The 2016 horror film The Boy became an unexpected genre success, taking in $64 million worldwide on a reported budget of $10 million. These numbers are much smaller than other horror hits, though the film has only grown its following in recent years, ultimately leading towards the development of a sequel. Brahms: The Boy II was originally slated to land in theaters on July 26th, yet without an official trailer having been released in the months ahead of its release, fans grew curious about whether the film was still on track to land in theaters. Last month, it was confirmed that its release would be pushed back to December 6th.
"With so much horror action this summer, STX wisely ships BRAHMS: THE BOY 2 from July 26, 2019 to Dec. 6," Exhibitor Relations Co. shared last month on Twitter.
While there was no statement made by the studio about the release date delay, leaving us to wonder if the issue really was the crowded summer season, genre fans did see Annabelle Comes Home and Child's Play land in theaters less than a week apart, with Brahms and its use of another creepy doll possibly seeming like a redundant concept.
Brahms: The Boy II, which stars Katie Holmes, will revolve around a young family, unaware of the terrifying history of the estate into which they move, where their young son soon makes an unsettling new friend, an eerily life-like doll he calls Brahms.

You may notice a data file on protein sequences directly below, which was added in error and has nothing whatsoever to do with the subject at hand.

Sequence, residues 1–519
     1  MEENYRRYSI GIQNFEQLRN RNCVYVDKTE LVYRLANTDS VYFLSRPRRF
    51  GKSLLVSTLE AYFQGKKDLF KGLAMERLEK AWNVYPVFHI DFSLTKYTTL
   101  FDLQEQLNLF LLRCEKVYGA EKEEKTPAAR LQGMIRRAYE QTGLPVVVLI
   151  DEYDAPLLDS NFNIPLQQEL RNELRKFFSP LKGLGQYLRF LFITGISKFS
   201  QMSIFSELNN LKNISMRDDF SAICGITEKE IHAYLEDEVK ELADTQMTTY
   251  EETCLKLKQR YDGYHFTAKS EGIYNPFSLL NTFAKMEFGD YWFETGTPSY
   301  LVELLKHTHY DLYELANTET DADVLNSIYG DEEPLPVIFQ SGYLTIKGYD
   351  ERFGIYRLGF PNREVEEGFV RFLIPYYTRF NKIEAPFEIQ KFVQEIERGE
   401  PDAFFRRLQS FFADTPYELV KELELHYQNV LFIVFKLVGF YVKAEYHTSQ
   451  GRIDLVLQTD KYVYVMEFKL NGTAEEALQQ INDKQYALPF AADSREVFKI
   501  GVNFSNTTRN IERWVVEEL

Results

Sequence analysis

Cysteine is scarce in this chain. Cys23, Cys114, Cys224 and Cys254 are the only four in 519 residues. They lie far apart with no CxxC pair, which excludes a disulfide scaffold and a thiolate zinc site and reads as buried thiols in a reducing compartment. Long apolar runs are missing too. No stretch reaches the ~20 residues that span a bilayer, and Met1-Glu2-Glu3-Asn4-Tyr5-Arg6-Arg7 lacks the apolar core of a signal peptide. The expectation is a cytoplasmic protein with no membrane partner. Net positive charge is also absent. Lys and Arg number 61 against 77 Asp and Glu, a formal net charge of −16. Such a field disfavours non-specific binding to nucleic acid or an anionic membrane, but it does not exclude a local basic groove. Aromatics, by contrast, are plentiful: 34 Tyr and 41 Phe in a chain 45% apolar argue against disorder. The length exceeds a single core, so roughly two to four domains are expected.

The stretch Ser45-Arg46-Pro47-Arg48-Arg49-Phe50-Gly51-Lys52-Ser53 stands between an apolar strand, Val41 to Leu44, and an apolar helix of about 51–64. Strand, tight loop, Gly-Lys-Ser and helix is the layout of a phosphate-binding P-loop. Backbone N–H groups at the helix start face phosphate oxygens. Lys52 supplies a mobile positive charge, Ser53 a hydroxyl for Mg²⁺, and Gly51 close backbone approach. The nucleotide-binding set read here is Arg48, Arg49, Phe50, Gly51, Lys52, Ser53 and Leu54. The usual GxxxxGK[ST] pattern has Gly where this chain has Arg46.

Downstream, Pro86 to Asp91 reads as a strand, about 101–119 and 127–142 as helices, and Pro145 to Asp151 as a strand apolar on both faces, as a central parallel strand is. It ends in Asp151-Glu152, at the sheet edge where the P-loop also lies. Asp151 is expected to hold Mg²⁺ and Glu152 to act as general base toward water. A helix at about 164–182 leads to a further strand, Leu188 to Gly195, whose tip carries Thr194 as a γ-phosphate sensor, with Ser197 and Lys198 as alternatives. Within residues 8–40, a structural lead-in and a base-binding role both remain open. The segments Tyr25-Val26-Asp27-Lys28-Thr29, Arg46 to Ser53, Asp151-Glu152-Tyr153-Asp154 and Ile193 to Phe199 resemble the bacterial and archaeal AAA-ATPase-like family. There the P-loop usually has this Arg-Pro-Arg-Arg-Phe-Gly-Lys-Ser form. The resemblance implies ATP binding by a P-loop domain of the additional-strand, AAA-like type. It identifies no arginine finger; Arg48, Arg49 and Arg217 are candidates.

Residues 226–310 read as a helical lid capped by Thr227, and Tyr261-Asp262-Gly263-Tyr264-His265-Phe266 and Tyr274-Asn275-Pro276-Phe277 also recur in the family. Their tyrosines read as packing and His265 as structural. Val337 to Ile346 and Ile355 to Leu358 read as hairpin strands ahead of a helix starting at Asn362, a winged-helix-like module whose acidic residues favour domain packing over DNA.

William Brent Bell will once again direct from a script by Stacey Menear, who also wrote the original. The Boy II will be produced by Lakeshore’s Tom Rosenberg, Gary Lucchesi, and Eric Reid, in addition to Matt Berenson, Jim Wedaa, and Roy Lee.
“Following the success of The Boy, we are thrilled to be working on the next chapter of this chilling Brahms story with Stacey and William," Luchessi shared when the project was announced. "We are also delighted to be continuing our relationship with STX, on this, our third partnership.”
In the original film, Greta (Lauren Cohan) is a young American woman who takes a job as a nanny in a remote English village. She soon discovers that the family’s 8-year-old is a life-sized doll that they care for just like a real boy, as a way to cope with the death of their son 20 years prior. After violating a list of strict rules, a series of disturbing and inexplicable events bring Greta’s worst nightmare to life, leading her to believe that the doll is actually alive.0comments
Brahms: The Boy II lands in theaters on December 6th.
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